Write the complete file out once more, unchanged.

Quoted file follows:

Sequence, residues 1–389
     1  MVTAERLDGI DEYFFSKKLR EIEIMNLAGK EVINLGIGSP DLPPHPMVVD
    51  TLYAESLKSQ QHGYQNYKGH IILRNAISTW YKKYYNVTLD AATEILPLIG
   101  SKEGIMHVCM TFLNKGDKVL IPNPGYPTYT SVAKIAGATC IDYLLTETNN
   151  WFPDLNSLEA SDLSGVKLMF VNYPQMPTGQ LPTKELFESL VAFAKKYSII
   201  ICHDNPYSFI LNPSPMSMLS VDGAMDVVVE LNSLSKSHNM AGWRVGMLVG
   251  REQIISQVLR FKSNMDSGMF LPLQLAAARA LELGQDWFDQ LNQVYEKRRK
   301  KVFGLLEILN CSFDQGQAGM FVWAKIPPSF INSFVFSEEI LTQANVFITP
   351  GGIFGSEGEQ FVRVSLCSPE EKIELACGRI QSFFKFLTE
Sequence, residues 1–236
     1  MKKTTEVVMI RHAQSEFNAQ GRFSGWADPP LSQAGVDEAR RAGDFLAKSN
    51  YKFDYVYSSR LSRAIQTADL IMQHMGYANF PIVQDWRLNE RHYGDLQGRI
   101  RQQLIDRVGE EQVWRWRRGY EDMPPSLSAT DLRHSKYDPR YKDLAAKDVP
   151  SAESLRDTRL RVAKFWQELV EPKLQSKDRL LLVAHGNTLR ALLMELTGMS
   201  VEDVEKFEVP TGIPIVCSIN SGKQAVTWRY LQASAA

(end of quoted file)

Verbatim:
Sequence, residues 1–389
     1  MVTAERLDGI DEYFFSKKLR EIEIMNLAGK EVINLGIGSP DLPPHPMVVD
    51  TLYAESLKSQ QHGYQNYKGH IILRNAISTW YKKYYNVTLD AATEILPLIG
   101  SKEGIMHVCM TFLNKGDKVL IPNPGYPTYT SVAKIAGATC IDYLLTETNN
   151  WFPDLNSLEA SDLSGVKLMF VNYPQMPTGQ LPTKELFESL VAFAKKYSII
   201  ICHDNPYSFI LNPSPMSMLS VDGAMDVVVE LNSLSKSHNM AGWRVGMLVG
   251  REQIISQVLR FKSNMDSGMF LPLQLAAARA LELGQDWFDQ LNQVYEKRRK
   301  KVFGLLEILN CSFDQGQAGM FVWAKIPPSF INSFVFSEEI LTQANVFITP
   351  GGIFGSEGEQ FVRVSLCSPE EKIELACGRI QSFFKFLTE
Sequence, residues 1–236
     1  MKKTTEVVMI RHAQSEFNAQ GRFSGWADPP LSQAGVDEAR RAGDFLAKSN
    51  YKFDYVYSSR LSRAIQTADL IMQHMGYANF PIVQDWRLNE RHYGDLQGRI
   101  RQQLIDRVGE EQVWRWRRGY EDMPPSLSAT DLRHSKYDPR YKDLAAKDVP
   151  SAESLRDTRL RVAKFWQELV EPKLQSKDRL LLVAHGNTLR ALLMELTGMS
   201  VEDVEKFEVP TGIPIVCSIN SGKQAVTWRY LQASAA